As a senior graphic design student approaching graduation and soon facing the reality of the real world, I find myself slowly transitioning from student to “professional.” More of my classes are talking about tracking hours, pay rates, dealing with clients and other things like contracts. As much as it’s exciting, I can say that it’s also very intimidating. In addition to all the real world chit chat, I have been getting more commissions and opportunities to design as my portfolio grows and my list of connections gets longer. As some of my repeat jobs are monthly ads or weekly social media posts, I found myself getting cramped with work during the semester and some busier months of the year.
I think it took me about six months into creating monthly ads for a fishing company to realize the beauty of templates and the benefits of creating a style guide for a specific, repeat job or customer. The fishing company already had a logo and color palette when I started working with them which consists of black and NEON green. Bright, flaming, eye straining neon green. (As a designer, NOT ideal but definitely a nice challenge to make flattering in a printed ad.) Regardless, I still had to sit down once a month and create a new design for them.
Before using a template, it would normally take me 2 hours to create an ad after designing graphic elements, finding the right text, editing the photos they want me to use and then making any corrections needed. On top of that, the ads from the months prior were not as cohesive as they should have been to each other.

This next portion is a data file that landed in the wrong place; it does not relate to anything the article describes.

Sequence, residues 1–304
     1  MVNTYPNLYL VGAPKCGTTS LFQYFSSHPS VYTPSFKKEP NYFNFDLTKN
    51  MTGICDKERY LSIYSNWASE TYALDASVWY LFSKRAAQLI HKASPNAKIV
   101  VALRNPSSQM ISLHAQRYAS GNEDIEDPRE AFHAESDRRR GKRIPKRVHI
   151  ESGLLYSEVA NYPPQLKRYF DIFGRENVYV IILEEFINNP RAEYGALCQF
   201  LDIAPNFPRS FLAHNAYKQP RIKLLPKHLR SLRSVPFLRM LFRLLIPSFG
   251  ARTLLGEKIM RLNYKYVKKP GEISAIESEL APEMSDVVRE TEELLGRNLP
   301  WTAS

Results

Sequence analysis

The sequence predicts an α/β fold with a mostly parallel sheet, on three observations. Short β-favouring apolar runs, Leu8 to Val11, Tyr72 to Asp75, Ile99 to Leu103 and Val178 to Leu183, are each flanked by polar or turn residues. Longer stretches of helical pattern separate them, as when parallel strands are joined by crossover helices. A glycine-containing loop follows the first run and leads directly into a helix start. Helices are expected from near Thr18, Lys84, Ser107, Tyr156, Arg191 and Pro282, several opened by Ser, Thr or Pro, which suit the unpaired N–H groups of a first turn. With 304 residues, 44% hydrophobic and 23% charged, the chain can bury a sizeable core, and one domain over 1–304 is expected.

A few months in, I got tired of trying to create something new every month and I started to realize that it’s my job to establish brand recognition through design continuity, which as an amateur designer, I was not doing in the past (as seen above). It was then that a template was born. Through the months, I have altered and refined the template to fit my needs and my skillset as I grow as a designer. Consistent typefaces, design elements and cohesive layouts all working together throughout a variety of different monthly ads. Not only was I elevating the style of the company but it made my life SO much easier by cutting my work time in half. I also decided to create a small style guide to reference back to in case I forgot any hexadecimal values and how to control that neon green used throughout their company.
With my template, I can use the elements in a variety of ways in order to still create different and unique ads and also stay with the brand identity.
Not only have I made my own templates, but did you know there are free photoshop templates you can download and use to elevate your designs? Websites like Graphic Burger have become my best friends when mocking up products and signage in order to bring my designs to life, rather than posting a flat .jpg of my work. Templates such as t-shirts, business cards, bags, business signs and so much more are available to quickly plug in your artwork and voila! Below are some other template websites that I’ve used and enjoyed.
- Adobe Stock (if you have the Adobe Profile)
- Pixel Buddha
- Mr Mockup